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Analyzing Corn Kernels
An ear of corn averages about 800 kernels. The traditional way to estimate the number of kernels on the ear is to manually count the number of rows, and multiply by the number of kernels in one length of the ear. A new imaging machine developed at the University of Illinois can make this task a lot easier, and it provides more information about the corn than can be manually observed.
Tony Grift is an ag engineering professor at the University of Illinois, and lead scientist on the project. He says the machine isn’t fancy, it’s more like a tabletop photography studio. The box has a halogen light hanging above it with a spike in the center. The ear of corn is cleaned, put on the spike, and a computer program takes care of the rest.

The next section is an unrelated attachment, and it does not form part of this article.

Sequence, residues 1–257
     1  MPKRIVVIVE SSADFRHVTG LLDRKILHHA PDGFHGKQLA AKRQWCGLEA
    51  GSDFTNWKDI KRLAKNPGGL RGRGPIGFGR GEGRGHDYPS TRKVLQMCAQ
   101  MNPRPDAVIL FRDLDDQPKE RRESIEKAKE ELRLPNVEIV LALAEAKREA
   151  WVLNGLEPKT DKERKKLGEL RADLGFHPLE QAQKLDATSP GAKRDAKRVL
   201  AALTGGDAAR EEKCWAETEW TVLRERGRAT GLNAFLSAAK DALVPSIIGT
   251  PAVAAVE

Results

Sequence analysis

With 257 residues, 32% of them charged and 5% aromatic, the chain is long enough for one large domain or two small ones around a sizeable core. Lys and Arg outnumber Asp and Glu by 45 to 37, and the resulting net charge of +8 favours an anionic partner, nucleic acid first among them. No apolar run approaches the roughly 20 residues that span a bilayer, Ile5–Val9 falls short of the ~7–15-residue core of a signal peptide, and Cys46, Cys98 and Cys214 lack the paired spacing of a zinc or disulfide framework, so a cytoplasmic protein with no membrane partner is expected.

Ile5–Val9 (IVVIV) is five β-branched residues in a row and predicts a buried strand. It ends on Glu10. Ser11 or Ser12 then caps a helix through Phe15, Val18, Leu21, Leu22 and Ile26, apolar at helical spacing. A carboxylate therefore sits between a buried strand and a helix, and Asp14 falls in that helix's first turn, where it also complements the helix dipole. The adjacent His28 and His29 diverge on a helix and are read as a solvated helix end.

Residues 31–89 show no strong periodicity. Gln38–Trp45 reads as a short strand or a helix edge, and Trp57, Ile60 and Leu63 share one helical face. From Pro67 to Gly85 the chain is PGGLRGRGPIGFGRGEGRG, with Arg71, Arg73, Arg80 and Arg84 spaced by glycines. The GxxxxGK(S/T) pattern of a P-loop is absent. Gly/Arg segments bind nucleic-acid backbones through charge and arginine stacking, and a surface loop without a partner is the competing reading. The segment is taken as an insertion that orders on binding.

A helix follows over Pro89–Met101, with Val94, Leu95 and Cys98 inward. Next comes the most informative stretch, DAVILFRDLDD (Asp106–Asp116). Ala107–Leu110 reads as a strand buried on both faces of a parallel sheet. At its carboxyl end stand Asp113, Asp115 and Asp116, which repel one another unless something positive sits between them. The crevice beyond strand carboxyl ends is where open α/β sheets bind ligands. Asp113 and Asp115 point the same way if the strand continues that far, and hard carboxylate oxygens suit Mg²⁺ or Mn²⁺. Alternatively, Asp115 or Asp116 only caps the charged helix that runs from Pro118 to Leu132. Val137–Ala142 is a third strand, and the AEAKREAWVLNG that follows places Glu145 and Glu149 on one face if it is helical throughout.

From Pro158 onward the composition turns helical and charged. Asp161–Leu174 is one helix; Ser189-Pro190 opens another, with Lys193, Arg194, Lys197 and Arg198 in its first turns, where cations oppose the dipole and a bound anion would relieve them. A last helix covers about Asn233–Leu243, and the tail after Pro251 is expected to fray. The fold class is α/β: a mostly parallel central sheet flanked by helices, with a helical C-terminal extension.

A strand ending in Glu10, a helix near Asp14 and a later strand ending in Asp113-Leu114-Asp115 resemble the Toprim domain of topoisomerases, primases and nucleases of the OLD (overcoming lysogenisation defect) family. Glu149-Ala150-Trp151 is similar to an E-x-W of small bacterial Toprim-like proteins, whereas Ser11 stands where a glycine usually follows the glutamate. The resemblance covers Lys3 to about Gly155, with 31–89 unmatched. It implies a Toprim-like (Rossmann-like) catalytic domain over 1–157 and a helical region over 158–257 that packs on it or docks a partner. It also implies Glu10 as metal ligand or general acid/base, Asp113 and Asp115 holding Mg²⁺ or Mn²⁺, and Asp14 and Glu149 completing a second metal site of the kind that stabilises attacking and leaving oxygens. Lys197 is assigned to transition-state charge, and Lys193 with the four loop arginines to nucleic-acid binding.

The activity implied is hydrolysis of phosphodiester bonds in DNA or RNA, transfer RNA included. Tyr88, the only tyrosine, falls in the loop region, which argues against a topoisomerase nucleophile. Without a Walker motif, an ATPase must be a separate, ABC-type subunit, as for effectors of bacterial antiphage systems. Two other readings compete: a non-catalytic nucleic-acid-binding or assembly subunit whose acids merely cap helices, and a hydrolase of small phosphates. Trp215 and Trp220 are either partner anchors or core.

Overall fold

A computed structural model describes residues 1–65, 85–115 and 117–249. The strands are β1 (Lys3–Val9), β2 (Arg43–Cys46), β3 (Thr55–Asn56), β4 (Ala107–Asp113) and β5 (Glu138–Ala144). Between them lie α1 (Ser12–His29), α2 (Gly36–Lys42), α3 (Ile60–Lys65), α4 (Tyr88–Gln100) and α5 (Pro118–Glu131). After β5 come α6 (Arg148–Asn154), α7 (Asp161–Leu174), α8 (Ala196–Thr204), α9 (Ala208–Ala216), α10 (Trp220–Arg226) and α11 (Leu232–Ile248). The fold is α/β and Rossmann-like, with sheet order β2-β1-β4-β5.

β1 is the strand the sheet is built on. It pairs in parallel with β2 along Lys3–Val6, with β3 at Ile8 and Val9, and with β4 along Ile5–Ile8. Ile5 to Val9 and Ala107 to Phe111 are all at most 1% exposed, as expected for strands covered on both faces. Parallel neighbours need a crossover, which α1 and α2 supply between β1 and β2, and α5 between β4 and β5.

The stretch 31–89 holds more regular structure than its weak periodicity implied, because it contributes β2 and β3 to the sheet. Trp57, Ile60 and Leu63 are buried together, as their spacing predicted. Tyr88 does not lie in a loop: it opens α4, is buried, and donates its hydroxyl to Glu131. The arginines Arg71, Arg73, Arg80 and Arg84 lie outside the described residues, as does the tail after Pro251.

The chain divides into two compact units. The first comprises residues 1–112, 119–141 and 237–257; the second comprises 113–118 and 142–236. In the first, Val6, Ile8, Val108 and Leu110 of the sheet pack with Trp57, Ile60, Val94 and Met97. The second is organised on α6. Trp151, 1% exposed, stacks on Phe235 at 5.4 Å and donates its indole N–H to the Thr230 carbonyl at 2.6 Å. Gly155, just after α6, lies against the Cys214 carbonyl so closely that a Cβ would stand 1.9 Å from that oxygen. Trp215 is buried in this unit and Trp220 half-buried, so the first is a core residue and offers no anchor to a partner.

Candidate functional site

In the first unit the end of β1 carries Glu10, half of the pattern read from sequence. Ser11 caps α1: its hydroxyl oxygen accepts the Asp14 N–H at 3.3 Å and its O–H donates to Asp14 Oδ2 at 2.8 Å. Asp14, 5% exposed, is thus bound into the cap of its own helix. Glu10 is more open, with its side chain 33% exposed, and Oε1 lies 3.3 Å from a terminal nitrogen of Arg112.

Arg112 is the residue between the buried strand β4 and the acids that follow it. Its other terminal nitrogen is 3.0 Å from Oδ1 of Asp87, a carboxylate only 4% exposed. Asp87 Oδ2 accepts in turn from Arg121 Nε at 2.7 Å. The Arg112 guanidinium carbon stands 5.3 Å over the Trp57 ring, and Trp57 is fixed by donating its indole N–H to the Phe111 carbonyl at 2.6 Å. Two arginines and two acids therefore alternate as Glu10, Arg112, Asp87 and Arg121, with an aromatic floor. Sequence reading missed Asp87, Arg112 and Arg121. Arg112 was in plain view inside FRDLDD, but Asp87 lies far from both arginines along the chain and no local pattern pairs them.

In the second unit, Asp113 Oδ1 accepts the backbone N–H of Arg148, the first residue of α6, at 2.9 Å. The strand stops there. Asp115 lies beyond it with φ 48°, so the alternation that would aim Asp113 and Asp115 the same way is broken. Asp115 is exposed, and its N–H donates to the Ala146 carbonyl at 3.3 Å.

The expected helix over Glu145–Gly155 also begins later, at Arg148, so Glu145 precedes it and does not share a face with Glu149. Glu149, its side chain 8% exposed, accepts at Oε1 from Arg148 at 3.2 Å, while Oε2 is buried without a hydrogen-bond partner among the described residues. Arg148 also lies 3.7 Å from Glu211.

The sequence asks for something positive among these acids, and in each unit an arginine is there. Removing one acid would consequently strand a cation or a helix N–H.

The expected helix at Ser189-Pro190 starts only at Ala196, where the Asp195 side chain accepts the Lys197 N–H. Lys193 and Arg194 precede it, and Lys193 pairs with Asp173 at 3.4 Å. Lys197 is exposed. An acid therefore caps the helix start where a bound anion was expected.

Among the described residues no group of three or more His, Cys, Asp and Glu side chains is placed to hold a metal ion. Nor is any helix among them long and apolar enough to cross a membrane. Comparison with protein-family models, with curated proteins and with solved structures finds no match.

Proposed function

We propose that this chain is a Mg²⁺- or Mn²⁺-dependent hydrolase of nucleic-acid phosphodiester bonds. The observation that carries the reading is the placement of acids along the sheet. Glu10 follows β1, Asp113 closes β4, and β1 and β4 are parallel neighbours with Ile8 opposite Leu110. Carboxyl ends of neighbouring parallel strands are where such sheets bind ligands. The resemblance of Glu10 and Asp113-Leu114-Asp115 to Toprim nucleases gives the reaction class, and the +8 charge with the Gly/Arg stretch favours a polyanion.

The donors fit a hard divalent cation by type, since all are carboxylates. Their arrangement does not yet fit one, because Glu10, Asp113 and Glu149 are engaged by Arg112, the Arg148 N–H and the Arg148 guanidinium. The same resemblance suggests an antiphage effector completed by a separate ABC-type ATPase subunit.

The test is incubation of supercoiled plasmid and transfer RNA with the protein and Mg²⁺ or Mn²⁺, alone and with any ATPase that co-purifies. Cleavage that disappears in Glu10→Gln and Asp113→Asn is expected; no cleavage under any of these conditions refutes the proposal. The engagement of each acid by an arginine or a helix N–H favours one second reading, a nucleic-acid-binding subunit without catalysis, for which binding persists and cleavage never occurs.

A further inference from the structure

"The computer automatically rotates that corn ear. If you have 17 rows we take 18 pictures. And then what you do, you import those pictures in the program that I mentioned," says Grift. "The whole process takes about, I don’t know, one minute."
Two cameras controlled by the computer capture information about the ear. It can register up to 16 different characteristics of each kernel.
"The first one we’d like to know is the size, and then you calculate the circumference, and then you calculate the center of gravity," says Grift. "You can go further than that, I mean you can say what is the major axis of that kernel, what’s the minor axis of that kernel. We do something called circularity, which really means how close is that kernel image to a circle."
Grift says they want to expand the idea, maybe even determining the nutritional content of each kernel. They’d also like to work with companies to move on from manual, tedious field measurements to smart imaging techniques.
Learn more about kernel imaging